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The 4,000-hectare Maungataniwha Pine Forest adjacent to our Maungataniwha Native Forest property was once mature native forest. It was logged progressively and then burned before being put under pine.

We took ownership of the block with the aim of converting the pine plantation back to regenerating native forest. The last pine trees were felled in November 2018 and over 3,500 hectares are now being re-converted back to native forest.

The conversion of the Maungataniwha Pine Forest is the largest project of its kind in New Zealand. It is our biggest and most expensive single undertaking.

There is sufficient native species seed in the soil to enable natural regeneration but the major challenge, and cost, is the elimination of regenerating pine seedlings which crowd out the slower growing native forest species.

The grasses are the first to take hold; native species like hookgrass and toetoe. Then shrubs or small trees like mahoe and wineberry. These are followed by mountain cabbage-tree, kanuka and native fuschia. Once these species have re-colonised the land the stage is set for larger stuff such as red and silver beech.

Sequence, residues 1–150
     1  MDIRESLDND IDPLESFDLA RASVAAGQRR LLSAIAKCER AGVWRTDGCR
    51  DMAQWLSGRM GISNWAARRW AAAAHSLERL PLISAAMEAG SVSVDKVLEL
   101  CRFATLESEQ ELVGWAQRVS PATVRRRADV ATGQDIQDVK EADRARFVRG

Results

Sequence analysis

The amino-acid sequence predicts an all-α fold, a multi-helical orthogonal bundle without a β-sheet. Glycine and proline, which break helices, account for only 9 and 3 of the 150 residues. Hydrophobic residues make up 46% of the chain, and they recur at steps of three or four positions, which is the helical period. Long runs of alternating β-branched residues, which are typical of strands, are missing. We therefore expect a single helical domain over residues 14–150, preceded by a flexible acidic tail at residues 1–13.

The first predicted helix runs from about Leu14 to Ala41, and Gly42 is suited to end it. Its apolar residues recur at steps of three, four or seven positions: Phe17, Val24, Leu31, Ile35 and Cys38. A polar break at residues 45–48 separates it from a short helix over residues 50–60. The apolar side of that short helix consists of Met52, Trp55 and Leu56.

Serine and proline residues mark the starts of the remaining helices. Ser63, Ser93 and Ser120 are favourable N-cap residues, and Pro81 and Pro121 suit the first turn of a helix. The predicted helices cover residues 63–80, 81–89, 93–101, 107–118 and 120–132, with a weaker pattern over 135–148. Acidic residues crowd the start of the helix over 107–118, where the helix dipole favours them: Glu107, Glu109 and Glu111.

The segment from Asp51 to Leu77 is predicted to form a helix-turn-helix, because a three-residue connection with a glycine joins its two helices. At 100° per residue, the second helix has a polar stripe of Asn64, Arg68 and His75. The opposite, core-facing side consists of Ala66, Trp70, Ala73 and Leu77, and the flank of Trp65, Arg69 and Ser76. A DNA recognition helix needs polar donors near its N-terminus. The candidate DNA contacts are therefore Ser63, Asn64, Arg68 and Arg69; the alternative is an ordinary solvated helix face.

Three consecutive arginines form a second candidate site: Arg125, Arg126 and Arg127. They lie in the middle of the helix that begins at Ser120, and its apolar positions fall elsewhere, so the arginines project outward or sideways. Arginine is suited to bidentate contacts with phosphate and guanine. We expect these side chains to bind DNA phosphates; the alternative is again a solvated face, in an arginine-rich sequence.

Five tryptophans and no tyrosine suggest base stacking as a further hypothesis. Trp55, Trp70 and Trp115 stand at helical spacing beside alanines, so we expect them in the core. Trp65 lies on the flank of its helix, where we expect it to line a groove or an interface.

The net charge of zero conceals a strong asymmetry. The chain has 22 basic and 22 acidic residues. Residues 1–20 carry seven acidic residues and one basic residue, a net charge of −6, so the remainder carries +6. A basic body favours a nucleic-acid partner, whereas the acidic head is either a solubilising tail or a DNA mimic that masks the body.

Native birds such as kereru and silvereyes play a vital role in the regeneration.

It takes a decade to clear logged land of Wilding pines completely and to get it to the point where it can be described as fully regenerated. During this time we nurture, treat and monitor the land to ensure that the species we expect to appear do so.

About a third of the area, 1,400 hectares, can now be described as clear of regenerating pines and successfully regenerated with native species.


The Trust, which was established in 2006 to provide direction and funding for the restoration of threatened species of native fauna and flora in forests within the Central North Island, uses a mix of aerial spraying and manual clearance methods.

DOC is interested in the land stewardship methods and spray mix used by the Trust to encourage the growth of native plants while inhibiting these ‘wilding’ pines.

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